Yeah very few people stray outside the Centrino packaging. I think ATI
    was trying to make some money on an Pentium-M chipset that included the
    north/southbridges and IGP. But it looks like it's only had any success
    in selling the IGP graphics by itself. That's why it came to AMD
    chipsets in the end -- there's an actual place for it within the AMD
    lineup, unlike in the Intel lineup.

    Yousuf Khan
     
    Yousuf Khan, Jun 10, 2005
    #9
  10. paulrosenthal

    Mike Smith Guest

    Google "Asus CT-479".
     
    Mike Smith, Jun 10, 2005
    #10
  11. It's a win on power, if you think you get a significant benefit from HT
    then you lose that. I have two of the qualifying boards, so I might try
    the P-M on the system which is lightly loaded and on 7x24. Haven't decided.
     
    Bill Davidsen, Jun 10, 2005
    #11
  12. paulrosenthal

    Yousuf Khan Guest

    Celeron-D is a cutdown P4.

    Yousuf Khan
     
    Yousuf Khan, Jun 10, 2005
    #12
  13. paulrosenthal

    Nate Edel Guest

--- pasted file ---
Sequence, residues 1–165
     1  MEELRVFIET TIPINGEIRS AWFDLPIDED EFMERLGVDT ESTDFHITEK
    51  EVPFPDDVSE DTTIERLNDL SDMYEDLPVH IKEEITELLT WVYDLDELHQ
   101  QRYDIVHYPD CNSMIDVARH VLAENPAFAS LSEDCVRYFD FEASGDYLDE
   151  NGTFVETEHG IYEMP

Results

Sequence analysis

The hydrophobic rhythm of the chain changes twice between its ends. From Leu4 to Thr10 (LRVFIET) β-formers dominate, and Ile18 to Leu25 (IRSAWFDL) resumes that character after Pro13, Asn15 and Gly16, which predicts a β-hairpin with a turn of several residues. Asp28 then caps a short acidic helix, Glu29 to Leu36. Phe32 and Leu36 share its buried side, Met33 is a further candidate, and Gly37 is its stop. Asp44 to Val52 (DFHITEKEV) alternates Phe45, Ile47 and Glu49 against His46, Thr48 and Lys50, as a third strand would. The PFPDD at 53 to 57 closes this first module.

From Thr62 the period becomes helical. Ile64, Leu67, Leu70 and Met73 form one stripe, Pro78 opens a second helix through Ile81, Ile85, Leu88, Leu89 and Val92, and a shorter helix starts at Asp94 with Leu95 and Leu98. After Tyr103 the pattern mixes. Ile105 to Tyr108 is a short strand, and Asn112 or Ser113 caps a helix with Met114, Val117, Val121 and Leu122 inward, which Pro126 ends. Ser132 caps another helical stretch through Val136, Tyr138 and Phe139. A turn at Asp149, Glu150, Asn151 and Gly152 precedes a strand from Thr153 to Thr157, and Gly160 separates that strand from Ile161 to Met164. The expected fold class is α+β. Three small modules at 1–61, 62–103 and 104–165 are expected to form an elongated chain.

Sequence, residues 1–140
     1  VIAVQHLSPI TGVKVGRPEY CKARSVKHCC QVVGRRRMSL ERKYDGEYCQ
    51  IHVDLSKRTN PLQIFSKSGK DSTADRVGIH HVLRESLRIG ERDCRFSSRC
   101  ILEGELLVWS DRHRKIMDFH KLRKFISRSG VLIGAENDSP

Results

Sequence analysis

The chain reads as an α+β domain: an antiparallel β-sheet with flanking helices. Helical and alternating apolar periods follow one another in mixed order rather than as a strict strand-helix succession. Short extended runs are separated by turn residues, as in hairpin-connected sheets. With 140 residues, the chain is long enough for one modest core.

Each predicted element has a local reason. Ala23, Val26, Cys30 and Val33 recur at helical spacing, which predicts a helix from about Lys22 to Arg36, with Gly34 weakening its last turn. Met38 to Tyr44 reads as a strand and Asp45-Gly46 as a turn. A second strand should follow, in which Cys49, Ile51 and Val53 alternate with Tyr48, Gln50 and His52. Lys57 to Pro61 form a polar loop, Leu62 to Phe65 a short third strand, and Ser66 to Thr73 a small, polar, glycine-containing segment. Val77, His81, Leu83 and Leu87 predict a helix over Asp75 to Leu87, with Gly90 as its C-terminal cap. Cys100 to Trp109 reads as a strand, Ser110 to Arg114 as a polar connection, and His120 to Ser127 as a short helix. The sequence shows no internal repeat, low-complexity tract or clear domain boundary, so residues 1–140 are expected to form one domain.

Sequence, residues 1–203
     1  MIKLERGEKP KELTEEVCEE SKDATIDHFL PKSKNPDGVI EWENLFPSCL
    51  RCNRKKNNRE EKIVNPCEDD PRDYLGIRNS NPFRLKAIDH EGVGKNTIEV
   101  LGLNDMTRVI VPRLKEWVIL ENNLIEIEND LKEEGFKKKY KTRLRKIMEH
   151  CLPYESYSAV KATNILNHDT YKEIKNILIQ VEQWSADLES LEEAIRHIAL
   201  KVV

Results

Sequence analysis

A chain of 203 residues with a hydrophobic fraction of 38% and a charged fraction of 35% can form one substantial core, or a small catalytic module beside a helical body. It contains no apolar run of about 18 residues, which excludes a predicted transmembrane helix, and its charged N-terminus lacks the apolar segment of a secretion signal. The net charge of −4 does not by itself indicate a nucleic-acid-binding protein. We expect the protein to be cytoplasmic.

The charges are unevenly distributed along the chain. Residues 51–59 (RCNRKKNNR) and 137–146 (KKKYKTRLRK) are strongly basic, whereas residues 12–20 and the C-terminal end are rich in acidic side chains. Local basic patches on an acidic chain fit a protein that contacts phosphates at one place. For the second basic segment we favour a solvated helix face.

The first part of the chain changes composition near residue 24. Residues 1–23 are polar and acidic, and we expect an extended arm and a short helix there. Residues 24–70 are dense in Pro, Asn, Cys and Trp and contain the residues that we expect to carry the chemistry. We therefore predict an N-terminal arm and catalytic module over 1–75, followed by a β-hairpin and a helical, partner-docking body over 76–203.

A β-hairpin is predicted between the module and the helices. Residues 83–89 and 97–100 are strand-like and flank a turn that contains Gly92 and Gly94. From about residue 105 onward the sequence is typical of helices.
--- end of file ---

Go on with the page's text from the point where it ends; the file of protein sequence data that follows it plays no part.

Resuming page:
Cool, thanks. Looks like retail-box P-Ms are relatively pricey, or this
    might be worth playing with.
     
    Nate Edel, Jun 11, 2005
    #13
  14. paulrosenthal

    Nate Edel Guest

    Didn't even notice, read right past it.
    Which AFAICT, don't break Centrino marketting.

    But that doesn't answer the question: other than the ASUS adapter, is there
    anyone actually using P-M/C-M chips with a chipset other than the Intel 855
    or Intel 915?
    Dell, for one; I'm not sure if they're still doing it by default, but for
    their 1st-gen Pentium M systems the defauly option for the miniPCI wireless
    was their own branded wireless rather than the Intel one that would qualify
    for Centrino.
    I've never seen an ATI P-M compatible chipset, I'll have to look for it.